• Brigadier General David Lansana, who had led the coup to depose Sierra Leone's new Prime Minister Siaka Stevens, was arrested at 2:00 in the morning by three of his officers, Major Charles Blake, and Majors Bockarie Kai-Simba and Sandi B. Jumu. Major Blake then seized the Freetown radio station and declared that the West African country would be ruled by a new 8-member "National Reformation Council", to be led by Lt. Colonel Ambrose T. Genda, a Sierra Leonean representative to the United Nations.[110] Genda told reporters the next day that he was "very surprised" about the appointment and didn't say whether he would accept.[111]
Soo Line logo.jpg

March 24, 1967 (Friday)

  • The U.S. Department of Defense released its weekly list of American casualties in the Vietnam War, showing 211 servicemen killed in action during the week of March 12 to March 18; according to the Associated Press tabulations, "American deaths from all causes in Vietnam since 1961 passed the 10,000 mark," based on unofficial tabulations that as of the latest report "8,306 Americans were killed in action and 1,788 died from accidents and other nonhostile causes," bringing the total to 10,094. [115]
  • A milestone in the development of the California wine industry took place as, for the first time, sales in the U.S. of the lighter "table wine", produced in California, exceeded those of "fortified wine" that included the addition of brandy or another distilled spirit. Author Charles Sullivan would make the calculation in an article (titled "March 24, 1967") for the industry journal Wines & Vines.[116]
  • Rao Birender Singh was sworn in as the second Chief Minister of the recently created Indian state of Haryana after forming a coalition government dominated by the United Front party that had recently taken control of the state from the Congress Party. Birender Singh replaced the first Chief Minister, B. D. Sharma, who had assumed office when Haryana became a state on November 1.[117]
  • Jayaprakash Narayan declined a nomination to be a candidate for the third President of India, and said in a statement that he considered Dr. Zakir Husain (who would win election) to be the best person for the job.[118]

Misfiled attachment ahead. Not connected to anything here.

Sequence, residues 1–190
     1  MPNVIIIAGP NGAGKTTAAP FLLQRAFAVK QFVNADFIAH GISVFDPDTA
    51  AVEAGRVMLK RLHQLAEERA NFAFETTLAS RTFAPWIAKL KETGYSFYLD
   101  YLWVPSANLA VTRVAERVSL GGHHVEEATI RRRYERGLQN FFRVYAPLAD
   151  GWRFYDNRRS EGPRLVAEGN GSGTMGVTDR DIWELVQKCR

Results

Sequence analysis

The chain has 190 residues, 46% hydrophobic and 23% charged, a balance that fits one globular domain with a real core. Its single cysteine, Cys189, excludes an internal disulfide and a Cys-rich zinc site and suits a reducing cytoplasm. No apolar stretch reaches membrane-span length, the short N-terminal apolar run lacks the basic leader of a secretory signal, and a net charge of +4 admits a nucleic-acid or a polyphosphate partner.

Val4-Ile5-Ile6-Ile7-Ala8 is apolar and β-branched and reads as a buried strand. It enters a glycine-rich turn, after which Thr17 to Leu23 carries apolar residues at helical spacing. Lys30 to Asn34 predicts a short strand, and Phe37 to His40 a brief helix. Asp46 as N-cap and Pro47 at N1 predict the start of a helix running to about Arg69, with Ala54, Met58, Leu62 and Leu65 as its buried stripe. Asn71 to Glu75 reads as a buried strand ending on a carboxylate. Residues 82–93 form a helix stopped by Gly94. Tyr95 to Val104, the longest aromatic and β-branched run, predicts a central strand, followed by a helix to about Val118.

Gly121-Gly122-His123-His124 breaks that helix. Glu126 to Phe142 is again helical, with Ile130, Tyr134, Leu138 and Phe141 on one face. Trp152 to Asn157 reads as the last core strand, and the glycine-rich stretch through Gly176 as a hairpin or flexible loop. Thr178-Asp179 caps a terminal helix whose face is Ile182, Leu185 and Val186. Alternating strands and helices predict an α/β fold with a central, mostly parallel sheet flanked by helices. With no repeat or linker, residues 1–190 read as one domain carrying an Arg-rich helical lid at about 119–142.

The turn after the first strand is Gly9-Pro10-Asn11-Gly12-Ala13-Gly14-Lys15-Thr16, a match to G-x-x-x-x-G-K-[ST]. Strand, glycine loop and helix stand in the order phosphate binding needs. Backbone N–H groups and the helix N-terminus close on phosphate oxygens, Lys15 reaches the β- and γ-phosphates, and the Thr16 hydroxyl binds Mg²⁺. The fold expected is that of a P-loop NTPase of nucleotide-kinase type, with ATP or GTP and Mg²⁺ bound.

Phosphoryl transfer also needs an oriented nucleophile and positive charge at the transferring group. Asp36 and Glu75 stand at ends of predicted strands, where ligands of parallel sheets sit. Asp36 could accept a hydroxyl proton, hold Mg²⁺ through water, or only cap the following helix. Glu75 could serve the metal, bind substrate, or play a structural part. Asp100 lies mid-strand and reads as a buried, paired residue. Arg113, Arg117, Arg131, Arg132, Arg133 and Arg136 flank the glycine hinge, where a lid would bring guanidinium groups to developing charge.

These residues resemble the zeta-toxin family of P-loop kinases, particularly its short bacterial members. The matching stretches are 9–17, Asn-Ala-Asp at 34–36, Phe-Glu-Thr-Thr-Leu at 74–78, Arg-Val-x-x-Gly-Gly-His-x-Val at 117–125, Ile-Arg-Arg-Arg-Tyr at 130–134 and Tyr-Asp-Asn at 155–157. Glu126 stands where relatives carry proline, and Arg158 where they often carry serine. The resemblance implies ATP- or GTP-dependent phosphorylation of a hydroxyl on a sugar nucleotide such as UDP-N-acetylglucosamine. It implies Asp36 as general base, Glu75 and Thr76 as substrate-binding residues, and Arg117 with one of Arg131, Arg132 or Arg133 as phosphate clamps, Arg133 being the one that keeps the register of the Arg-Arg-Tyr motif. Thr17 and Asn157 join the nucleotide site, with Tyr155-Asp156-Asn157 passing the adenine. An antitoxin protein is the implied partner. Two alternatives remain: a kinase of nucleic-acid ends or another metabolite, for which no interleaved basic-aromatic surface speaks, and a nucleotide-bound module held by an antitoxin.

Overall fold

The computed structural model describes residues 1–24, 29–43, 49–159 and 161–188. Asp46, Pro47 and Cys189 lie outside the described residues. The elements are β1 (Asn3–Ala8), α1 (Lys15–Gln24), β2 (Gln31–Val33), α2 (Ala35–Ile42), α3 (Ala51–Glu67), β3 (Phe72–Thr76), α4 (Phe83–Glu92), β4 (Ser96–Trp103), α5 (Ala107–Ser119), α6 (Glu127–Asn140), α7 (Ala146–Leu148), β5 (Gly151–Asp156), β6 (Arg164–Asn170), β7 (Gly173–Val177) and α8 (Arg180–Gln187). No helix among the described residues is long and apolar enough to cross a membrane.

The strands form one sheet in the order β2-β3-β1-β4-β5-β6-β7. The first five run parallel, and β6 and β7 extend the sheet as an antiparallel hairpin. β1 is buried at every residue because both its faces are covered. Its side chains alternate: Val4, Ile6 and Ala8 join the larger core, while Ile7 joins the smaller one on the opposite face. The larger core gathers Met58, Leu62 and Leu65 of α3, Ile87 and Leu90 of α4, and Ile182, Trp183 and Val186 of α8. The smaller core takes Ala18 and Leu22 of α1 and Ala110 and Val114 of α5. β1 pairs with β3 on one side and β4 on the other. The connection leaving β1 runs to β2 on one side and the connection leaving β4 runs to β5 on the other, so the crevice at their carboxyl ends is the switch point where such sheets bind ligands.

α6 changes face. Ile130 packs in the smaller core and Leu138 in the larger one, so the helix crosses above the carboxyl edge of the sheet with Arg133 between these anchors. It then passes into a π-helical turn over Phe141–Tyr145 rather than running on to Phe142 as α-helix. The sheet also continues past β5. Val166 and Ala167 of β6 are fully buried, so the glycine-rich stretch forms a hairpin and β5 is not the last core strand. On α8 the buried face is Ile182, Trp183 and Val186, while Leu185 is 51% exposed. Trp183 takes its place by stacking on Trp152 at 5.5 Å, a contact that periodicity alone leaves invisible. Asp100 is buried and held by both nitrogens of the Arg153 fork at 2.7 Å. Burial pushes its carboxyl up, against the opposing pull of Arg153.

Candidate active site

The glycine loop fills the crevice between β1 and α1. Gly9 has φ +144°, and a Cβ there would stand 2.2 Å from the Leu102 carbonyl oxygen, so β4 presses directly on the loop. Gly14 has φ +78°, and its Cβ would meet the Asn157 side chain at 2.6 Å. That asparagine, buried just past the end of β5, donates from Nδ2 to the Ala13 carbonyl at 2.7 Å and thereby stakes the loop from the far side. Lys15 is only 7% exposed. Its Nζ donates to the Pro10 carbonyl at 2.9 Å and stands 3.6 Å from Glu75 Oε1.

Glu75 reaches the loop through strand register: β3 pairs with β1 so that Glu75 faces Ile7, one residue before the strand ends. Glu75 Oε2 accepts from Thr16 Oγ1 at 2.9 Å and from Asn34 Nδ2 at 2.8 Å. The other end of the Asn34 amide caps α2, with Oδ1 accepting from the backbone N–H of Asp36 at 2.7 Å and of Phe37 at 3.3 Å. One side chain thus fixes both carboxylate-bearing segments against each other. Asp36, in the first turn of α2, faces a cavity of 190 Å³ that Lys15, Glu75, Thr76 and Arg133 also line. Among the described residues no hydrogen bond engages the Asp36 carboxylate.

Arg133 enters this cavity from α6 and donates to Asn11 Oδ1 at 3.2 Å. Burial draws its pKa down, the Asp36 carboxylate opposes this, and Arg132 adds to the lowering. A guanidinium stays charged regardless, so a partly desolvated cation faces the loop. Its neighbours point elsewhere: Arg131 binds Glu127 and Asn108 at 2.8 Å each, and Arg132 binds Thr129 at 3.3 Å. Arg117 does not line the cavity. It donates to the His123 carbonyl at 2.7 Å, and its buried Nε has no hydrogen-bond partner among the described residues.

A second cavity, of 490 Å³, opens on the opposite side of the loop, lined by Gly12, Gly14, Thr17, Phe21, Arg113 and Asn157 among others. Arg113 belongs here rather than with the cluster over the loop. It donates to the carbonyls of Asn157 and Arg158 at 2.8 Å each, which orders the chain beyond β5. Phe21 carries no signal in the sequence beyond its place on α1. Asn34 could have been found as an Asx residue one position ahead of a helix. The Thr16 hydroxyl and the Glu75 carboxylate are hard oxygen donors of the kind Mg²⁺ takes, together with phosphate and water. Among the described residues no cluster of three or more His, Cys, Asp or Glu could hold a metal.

• The Canadian coaster SS Myalls caught fire and sank off Shelburne, Nova Scotia.[119]

March 25, 1967 (Saturday)

  • The beaches of Cornwall received their first oil from the spill from the Torrey Canyon, coming ashore on the peninsula known as "The Lizard", the southernmost portion of Great Britain. The lake of oil, which had started spilling a week earlier, was driven ashore by high winds from a storm.[120]
  • Martin Luther King, Jr., declared in a speech in Chicago that "we must combine the fervor of the civil rights movement with the peace movement", and expanded his outreach to an audience to all persons living in poverty beyond African-Americans.[121][122]
  • Pat Casey of Norwalk, California, broke the world record for heaviest weight lifted in bench press competition, becoming the first person to bench press more than 600 pounds.[123][124]
  • Born:

March 26, 1967 (Sunday)

  • Jim Thompson, an American who had been successful in founding the Thai Silk Company in Bangkok after World War II, disappeared while on a vacation with friends in Malaysia near Tanah Rata. On the afternoon of Easter Sunday, Thompson set off from his room at the Moonlight Cottage for a walk in the jungles of the Cameron Highlands, and was never seen again.[125][126][127]
  • Battered by a gale, the 974-foot long Torrey Canyon broke into two pieces eight days after it had wrecked, sending almost all of its remaining cargo of crude oil (50,000 tonnes or more than 1.5 million gallons) into the sea off of the coast of Cornwall.[128][129]
  • The Reverend Albert Cleage, an African-American Congregationalist minister in Detroit, launched the Black Christian National Movement on Easter Sunday, renaming his Central Congregational Church as the Shrine of the Black Madonna. Cleage's theory was that Mary was a member of the non-white Israelite tribe of Judah and that she and Jesus Christ had been black.[130]
  • Scottish nationalists removed signs that marked the border between England and Scotland, in a symbolic act of reclaiming Berwick-upon-Tweed, which had changed hands between the kingdoms of England and Scotland, but had been taken by the Kingdom of England from the Kingdom of Scotland in 1482. The border signs, which were located three miles north of Berwick, were taken during the night and replanted them south of town. City officials would return the border markings to their marked location a few days later.[131]
  • The first national convention of underground newspaper publishers and writers was held, taking place at Stinson Beach, California.[132]
  • In New York City, 10,000 gathered for the Central Park be-in.

March 27, 1967 (Monday)